Some services, such as childcare, are mostly undertaken by independent providers. Photograph: Photofusion Picture Library / Al/Alamy
So often the story of social enterprise seems inextricably linked to public sector reform, and while there is actually so much more to the growing world of ethical business, what is happening in the arena of public service is undoubtedly big stuff.
Today is Social Enterprise Day and will be celebrated all over the world as a day that matters. For our part Social Enterprise London is launching Spin Out and Deliver here at the Guardian which is our nattily entitled latest thought piece on what is actually happening to those who are leaving direct employment in public services and becoming independent service providers. We started on this journey 15 years ago with our first guides on services such as childcare which we thought could be done more efficiently by those outside the public sector whether they started there or not. Today we learn that leadership is the key, that identifying and supporting those able to inspire and drive the project is the single most significant contributor to success.
To give you some idea of the scale of change, as an example, Social Enterprise London is working with four local authorities across the political spectrum, that between them plan to spin out 22 services. I would take this as evidence that services will be done differently in future, the only arguments left to have are, should services be delivered by social or shareholder-driven value enterprises? And, how can we make sure our services continue to improve in terms of their social impact? At Social Enterprise London we are part of the Transition Institute, an information platform for reform in public services that promotes social value focused delivery. At the institute the mantra is transform not just transfer. We showcase trailblazers who have made it work and help each and every spin-out to learn from those that went before. Some of these new service providers you might recognise, likeLEYF, the market leading early years foundation, and some like Circle Partnership, the health-based company you may not. The report tells us that there is still a great deal of confusion about models and if we are to help these new entities to be sustainable that is a worry.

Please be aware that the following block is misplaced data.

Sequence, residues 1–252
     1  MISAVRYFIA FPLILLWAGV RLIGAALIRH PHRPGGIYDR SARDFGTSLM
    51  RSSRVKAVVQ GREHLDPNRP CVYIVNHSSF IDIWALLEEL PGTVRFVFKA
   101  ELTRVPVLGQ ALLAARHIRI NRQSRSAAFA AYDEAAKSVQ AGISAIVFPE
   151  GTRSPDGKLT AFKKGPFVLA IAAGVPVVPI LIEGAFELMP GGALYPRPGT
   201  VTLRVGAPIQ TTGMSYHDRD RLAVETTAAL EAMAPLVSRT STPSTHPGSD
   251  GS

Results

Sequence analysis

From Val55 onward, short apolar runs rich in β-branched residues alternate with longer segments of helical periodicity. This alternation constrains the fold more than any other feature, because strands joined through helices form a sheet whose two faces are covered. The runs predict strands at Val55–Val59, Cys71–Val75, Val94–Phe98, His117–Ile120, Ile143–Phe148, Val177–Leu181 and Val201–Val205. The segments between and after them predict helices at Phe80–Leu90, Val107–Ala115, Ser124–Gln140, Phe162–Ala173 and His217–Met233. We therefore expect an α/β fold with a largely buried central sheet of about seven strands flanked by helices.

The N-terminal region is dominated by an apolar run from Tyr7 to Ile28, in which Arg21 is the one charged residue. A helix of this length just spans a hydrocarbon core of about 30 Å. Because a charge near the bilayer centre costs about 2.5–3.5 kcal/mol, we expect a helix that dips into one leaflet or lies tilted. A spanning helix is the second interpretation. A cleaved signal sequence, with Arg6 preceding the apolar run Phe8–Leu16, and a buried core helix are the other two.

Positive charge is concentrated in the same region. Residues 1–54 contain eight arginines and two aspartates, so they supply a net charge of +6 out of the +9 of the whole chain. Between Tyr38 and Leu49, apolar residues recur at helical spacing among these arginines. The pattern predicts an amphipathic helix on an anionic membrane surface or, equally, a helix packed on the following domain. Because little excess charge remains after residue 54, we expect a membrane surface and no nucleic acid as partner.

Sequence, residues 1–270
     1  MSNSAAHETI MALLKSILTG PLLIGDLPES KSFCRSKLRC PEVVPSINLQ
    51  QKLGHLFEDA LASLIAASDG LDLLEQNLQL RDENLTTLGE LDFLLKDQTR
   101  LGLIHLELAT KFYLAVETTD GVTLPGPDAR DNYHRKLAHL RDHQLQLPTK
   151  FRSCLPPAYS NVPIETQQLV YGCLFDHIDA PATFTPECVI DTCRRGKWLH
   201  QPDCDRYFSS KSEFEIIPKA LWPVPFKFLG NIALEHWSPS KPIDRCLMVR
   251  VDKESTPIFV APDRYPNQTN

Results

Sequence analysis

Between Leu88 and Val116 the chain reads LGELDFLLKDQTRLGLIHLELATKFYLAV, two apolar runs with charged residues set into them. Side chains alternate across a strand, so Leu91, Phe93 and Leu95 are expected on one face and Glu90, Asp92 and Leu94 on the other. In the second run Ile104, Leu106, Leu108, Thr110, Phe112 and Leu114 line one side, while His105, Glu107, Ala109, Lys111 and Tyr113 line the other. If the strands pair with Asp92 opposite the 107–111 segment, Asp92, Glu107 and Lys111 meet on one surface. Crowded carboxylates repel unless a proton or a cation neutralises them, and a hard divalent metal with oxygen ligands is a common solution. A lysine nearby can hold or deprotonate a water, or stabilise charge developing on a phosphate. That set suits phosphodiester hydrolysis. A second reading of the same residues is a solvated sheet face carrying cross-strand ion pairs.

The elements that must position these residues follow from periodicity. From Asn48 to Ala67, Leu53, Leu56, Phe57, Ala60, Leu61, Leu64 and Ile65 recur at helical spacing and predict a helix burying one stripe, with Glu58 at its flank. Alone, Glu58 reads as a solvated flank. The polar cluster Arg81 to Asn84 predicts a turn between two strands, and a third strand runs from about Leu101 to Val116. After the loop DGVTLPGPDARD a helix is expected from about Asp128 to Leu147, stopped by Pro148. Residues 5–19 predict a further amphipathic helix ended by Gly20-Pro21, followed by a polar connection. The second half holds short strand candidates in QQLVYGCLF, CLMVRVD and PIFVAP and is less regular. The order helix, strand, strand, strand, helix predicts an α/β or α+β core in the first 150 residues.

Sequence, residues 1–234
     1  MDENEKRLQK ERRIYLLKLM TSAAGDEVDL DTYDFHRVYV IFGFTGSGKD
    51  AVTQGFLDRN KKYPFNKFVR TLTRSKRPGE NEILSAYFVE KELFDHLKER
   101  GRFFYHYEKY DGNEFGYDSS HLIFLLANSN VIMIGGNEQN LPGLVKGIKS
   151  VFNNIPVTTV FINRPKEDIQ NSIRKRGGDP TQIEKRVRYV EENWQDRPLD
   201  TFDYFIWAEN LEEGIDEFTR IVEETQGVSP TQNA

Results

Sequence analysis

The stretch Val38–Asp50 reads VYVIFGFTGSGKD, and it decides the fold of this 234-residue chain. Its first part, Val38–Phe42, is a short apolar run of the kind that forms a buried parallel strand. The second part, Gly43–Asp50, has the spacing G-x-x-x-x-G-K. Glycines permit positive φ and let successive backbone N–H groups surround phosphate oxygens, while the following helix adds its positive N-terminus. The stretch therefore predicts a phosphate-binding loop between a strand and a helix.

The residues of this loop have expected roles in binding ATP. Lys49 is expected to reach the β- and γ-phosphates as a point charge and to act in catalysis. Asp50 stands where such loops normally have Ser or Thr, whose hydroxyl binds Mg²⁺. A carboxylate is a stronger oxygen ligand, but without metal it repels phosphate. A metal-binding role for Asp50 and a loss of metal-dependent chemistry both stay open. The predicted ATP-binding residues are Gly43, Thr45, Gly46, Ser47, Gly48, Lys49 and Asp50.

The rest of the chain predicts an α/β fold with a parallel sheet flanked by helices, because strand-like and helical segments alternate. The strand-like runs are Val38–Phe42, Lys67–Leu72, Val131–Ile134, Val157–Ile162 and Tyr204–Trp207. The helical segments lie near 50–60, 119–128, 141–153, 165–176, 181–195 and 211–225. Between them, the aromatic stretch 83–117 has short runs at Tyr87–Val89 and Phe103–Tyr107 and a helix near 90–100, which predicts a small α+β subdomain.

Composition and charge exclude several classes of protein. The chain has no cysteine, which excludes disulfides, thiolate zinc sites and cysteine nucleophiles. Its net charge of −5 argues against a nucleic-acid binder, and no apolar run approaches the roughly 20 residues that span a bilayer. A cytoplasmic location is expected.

One of the key things prospective spin-outs told us was their frustration at the lack of specialist support. Even when they found organisations like Social Enterprise London they had no budget to pay for the work they needed doing, and the agencies that could have assisted them like Risein the south-west had experienced 100% funding cuts. This is a growing pressure point. The economic crisis has created a demand for specialist advice and eliminated the public funding to support the propagation of that expertise. It is too easy to say that if that advice is any good the market should pay for it as the market really means fledgling spin outs and growing numbers of start-ups with no budget.